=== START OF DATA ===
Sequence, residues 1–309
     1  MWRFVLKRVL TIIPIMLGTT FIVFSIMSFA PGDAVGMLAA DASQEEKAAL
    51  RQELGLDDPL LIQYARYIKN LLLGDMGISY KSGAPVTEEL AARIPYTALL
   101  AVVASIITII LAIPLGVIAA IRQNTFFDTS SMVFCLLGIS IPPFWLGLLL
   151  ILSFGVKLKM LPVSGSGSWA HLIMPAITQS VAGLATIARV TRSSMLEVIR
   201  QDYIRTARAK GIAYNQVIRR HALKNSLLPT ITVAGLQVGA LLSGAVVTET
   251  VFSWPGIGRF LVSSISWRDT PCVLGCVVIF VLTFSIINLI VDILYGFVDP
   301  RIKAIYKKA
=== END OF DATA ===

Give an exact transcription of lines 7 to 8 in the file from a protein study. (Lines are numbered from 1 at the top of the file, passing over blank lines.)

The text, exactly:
   251  VFSWPGIGRF LVSSISWRDT PCVLGCVVIF VLTFSIINLI VDILYGFVDP
   301  RIKAIYKKA